“If you’re a parts person, you’re still going to come to work, you’re still going to get parts for our customers. The way you order them and track them might be different, but the day-to-day isn’t going to change very much. If you’re a technician, you’re going to walk in the door, you’re going to fix stuff. If you’re a service manager, you’re going to run the shop.”
While he prefers there to be as little attrition as possible after an acquisition, Olson says some level of change is often necessary as both a statement to employees and also as a practical move to improve operations.
“Where I’ve had the best success is replacing a store manager after an acquisition,” Olson says. “Of the 9 stores we’ve purchased, only 2 have the same store managers in place. My philosophy is that if we changed nothing, we’d be foolish to think we’re going to have different results and it would be way too easy for employees to revert back to what they were doing.”
But a managerial change doesn’t always immediately follow an acquisition. Olson gives stores a chance to adapt and improve and realistically, it takes Plains Ag up to a year to fully take stock of employee talents and growth potential.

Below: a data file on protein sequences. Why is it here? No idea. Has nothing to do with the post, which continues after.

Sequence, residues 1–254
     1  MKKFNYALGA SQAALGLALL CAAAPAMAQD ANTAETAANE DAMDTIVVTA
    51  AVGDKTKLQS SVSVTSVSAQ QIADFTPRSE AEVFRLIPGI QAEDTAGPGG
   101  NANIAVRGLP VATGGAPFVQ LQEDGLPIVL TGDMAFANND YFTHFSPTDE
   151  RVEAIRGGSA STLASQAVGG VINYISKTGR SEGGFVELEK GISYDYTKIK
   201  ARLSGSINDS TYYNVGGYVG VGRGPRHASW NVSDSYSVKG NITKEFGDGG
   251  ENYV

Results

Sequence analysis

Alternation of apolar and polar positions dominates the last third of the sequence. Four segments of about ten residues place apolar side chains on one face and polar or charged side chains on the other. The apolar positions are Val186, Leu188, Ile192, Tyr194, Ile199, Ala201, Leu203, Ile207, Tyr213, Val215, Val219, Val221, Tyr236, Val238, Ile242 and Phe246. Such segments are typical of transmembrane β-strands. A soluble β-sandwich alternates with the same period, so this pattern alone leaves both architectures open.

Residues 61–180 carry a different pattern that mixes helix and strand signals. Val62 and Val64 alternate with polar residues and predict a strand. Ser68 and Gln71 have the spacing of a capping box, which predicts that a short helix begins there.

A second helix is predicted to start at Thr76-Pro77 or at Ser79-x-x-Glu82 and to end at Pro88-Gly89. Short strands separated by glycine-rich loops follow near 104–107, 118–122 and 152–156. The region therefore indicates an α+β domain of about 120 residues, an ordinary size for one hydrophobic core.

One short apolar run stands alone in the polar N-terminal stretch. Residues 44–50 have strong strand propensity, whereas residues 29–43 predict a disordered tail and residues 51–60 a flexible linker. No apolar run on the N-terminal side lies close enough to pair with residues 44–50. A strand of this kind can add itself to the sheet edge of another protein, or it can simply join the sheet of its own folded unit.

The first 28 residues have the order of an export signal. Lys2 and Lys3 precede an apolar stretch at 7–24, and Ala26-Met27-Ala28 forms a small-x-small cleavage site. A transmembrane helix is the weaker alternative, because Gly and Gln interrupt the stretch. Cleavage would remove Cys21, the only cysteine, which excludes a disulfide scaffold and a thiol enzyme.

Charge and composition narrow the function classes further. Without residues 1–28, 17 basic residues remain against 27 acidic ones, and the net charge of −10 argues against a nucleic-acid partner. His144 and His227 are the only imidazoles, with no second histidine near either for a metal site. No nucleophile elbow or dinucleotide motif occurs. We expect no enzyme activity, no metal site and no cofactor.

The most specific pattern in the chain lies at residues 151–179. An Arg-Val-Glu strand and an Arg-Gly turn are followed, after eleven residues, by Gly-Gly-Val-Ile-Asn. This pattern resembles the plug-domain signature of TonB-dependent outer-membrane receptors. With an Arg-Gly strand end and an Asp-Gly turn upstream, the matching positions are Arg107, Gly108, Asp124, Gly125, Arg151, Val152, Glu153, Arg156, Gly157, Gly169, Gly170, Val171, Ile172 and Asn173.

“It takes much longer than that first 100 days and my goal is by the end of the first year, to try and have the right people in the right places,” he says “But with an understanding that 5-10% of people who were there at the beginning will be gone, because as I said, dealers don’t sell because they were making too much money.”
Having rapidly expanded during the last decade-plus, one of the growing pains that Plains Ag endured was a need to revise its corporate structure. In 2013, the dealership divided its then 8 stores into regions — Border Plains Equipment, West Plains Inc. and Northern Plains Equipment — but maintained the Plains Ag parent company title.
The primary catalyst for the change was a realization that with as much as 250-300 miles between stores, one person couldn’t effectively oversee the entirety of the dealership’s operations.
“I was wearing too many hats and having 13-15 people directly report to me, so I stepped back and asked myself, ‘When did our organization work the best?’” Olson says. “It was when I was overseeing 3 stores with store managers at each location.
“We were all close enough and I was able to get to a store, walk through the shop, walk through the parts. I knew every name of every employee, their spouses and children. I even knew who was expecting a baby. Having that connection worked well for us.”
Even though Plains Ag didn’t formally regionalize its operations until 2013, the change had been on Olson’s mind for several years prior. After starting Frontier Equipment in 2002, ownership acquired Markle Implement in Glasgow, Mont., (2004) and West Plains Inc., a 4-store operation in southwestern N.D., in 2008.
Shortly after the acquisition, Olson was spending the majority of his time getting the West Plains stores integrated into the Plains Ag business model and he actually ended up moving from Williston into the southern part of North Dakota for a while to ensure a smooth transition.